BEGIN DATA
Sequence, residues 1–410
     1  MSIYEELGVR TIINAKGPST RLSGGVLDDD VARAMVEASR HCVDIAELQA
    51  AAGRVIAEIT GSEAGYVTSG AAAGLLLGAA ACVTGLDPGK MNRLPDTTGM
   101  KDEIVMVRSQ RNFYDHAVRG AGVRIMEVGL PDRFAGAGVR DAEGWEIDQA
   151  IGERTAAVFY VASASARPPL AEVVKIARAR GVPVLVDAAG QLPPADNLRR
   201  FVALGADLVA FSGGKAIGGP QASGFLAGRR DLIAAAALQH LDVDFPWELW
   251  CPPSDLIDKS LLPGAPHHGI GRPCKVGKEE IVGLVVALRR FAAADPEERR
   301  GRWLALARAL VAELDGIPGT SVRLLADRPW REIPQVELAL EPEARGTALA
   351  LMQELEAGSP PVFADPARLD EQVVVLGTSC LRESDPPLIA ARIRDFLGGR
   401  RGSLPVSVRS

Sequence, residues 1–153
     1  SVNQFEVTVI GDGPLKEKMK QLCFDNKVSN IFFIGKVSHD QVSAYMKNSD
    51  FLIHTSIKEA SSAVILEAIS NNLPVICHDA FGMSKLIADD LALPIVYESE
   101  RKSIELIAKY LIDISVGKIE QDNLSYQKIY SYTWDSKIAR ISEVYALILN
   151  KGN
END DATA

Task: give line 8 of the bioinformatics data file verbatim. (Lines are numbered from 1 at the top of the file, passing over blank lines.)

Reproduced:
   301  GRWLALARAL VAELDGIPGT SVRLLADRPW REIPQVELAL EPEARGTALA